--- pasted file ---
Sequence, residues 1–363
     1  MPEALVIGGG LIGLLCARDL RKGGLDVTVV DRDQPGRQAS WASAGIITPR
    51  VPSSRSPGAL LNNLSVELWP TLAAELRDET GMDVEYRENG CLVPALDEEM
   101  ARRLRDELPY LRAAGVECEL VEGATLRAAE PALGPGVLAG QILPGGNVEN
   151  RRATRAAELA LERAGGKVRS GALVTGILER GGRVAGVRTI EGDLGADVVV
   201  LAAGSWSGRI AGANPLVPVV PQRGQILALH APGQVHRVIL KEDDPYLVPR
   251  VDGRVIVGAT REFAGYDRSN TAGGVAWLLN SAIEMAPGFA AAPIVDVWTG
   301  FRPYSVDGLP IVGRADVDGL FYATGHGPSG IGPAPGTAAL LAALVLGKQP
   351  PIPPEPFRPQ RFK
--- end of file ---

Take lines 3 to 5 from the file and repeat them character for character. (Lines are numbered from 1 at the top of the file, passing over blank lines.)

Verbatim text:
    51  VPSSRSPGAL LNNLSVELWP TLAAELRDET GMDVEYRENG CLVPALDEEM
   101  ARRLRDELPY LRAAGVECEL VEGATLRAAE PALGPGVLAG QILPGGNVEN
   151  RRATRAAELA LERAGGKVRS GALVTGILER GGRVAGVRTI EGDLGADVVV